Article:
Human Errors (Katherine Morayati)

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Human Errors is a new piece on Sub-Q, by the author of (among other things) TAKE and laid off from the synesthesia Factory.

Human Errors describes a world in which human attention (and empathy, care, and understanding) are a severely limited resource. The player plays the role of a contractor brought in to triage support tickets on a product that (we quickly realize) has a rather alarming range of functionality. What you’re supposed to do is close as many tickets as possible, while prioritizing only the undeniably critical ones.

You also have the option — not preferred by the company — to follow up with particular users and try to get more of their stories. Here, you can engage either as a nameless QA figure or via personal email.

But engage too much, with too many people, and the company will start to view you as inefficient, or as going outside the proper parameters for engagement, and your access to the system will be cut off entirely. So you’ll have to budget your sympathy, dole it out cautiously, try not to get in trouble too quickly.

A single interaction node looks like this:

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There are, of course, other games out there working through the interface of simulated email or other computer-mediated messaging — I recently covered Grayscale, which puts you in the role of an HR employee resolving complaints, for instance. Several of Christine Love’s pieces act similarly.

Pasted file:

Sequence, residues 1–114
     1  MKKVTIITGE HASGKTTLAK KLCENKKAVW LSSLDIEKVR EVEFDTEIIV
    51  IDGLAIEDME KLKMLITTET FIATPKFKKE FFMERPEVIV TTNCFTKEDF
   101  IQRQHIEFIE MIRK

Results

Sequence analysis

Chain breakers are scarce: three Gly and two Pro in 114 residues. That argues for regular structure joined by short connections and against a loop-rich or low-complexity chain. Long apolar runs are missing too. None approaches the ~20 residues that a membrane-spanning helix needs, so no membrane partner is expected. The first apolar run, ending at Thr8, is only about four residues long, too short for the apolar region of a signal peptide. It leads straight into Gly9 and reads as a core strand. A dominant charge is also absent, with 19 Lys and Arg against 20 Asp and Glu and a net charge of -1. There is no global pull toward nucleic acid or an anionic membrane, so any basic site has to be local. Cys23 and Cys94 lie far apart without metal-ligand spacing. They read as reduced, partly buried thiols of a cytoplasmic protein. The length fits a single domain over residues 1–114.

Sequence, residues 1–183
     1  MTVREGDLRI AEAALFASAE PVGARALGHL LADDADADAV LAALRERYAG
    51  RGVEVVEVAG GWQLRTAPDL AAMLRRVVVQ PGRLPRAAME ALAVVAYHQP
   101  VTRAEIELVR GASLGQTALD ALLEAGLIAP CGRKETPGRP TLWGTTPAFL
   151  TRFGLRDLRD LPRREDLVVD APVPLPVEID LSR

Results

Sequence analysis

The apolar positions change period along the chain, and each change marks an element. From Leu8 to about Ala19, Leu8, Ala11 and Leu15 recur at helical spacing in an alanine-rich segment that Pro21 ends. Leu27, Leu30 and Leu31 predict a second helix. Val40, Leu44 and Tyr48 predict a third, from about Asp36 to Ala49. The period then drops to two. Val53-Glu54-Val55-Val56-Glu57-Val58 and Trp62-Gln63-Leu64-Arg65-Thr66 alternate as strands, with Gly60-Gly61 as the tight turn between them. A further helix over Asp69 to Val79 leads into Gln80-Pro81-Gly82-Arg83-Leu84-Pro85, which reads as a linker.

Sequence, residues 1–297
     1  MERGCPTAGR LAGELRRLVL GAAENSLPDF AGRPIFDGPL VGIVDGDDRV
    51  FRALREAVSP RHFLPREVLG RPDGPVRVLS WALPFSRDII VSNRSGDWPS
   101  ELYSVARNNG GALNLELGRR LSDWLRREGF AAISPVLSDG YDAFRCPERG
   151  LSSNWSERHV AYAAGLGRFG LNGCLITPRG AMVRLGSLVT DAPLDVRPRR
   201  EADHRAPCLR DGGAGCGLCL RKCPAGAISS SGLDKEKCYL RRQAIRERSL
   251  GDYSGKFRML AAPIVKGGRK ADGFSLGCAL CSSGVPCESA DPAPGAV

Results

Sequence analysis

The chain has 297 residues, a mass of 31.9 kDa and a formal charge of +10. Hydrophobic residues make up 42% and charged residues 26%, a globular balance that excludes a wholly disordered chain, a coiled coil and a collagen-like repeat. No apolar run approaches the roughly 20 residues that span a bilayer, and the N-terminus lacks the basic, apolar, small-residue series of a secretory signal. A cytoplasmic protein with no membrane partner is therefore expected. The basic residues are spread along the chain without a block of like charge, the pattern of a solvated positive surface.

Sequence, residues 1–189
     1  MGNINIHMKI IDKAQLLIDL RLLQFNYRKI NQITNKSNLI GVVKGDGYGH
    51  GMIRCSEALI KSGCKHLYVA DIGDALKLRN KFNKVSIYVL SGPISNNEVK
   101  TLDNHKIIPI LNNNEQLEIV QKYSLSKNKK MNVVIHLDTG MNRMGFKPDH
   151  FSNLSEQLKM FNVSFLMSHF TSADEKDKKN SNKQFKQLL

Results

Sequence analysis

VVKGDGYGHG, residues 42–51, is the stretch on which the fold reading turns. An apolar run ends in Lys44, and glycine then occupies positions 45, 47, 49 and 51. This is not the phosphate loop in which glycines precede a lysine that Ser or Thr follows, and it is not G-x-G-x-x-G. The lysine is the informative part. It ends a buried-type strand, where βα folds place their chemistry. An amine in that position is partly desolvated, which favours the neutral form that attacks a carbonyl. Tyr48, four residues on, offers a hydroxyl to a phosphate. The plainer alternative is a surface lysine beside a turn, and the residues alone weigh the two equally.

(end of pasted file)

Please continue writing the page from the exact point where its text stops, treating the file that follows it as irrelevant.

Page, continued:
But what I particularly like about the system in Human Errors is the way it combines the guided and the open-ended, the effective and the reflective choices. If you choose to close an issue, it goes away, is no longer your problem. If you write an email to a user, you get a brief time — enough to type a short sentence or two — to type whatever you want before the text box fades to “Sent.” It’s not expressive in the sense of a parser input, because you’re not constructing a complex command all of whose aspects will be understood by the game; but it does allow and indeed encourage the player to express something. Continue reading

Interactive Digital Narrative: Theory

Screen Shot 2016-08-31 at 1.12.24 PM.pngThis is part two of an overview of Interactive Digital Narrative: History, Theory, and Practice. See my earlier post for coverage of the book’s history section (and one practice chapter that I took out of order because it felt like it fit better that way).

This time we’re looking at the theory section, which addresses academic approaches to interactive narrative (including the question of what interactive narrative even is).

Again, the section begins with a brief overview from the volume editors, and this provides a fair sketch of the academic debates of the last couple of decades, together with a bibliography of a number of foundational pieces in this space. I might also have listed Jesper Juul’s half-real here, as it provides a readable and persuasive cap to the narratology vs ludology debate.

Continue reading